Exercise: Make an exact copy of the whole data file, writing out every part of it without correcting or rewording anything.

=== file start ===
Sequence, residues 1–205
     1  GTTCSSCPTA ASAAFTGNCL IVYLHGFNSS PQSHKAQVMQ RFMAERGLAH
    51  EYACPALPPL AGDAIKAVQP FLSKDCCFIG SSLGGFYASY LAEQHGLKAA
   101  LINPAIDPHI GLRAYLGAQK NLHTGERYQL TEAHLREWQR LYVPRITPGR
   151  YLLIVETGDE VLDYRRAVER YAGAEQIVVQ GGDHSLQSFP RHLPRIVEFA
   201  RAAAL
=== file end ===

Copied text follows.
Sequence, residues 1–205
     1  GTTCSSCPTA ASAAFTGNCL IVYLHGFNSS PQSHKAQVMQ RFMAERGLAH
    51  EYACPALPPL AGDAIKAVQP FLSKDCCFIG SSLGGFYASY LAEQHGLKAA
   101  LINPAIDPHI GLRAYLGAQK NLHTGERYQL TEAHLREWQR LYVPRITPGR
   151  YLLIVETGDE VLDYRRAVER YAGAEQIVVQ GGDHSLQSFP RHLPRIVEFA
   201  RAAAL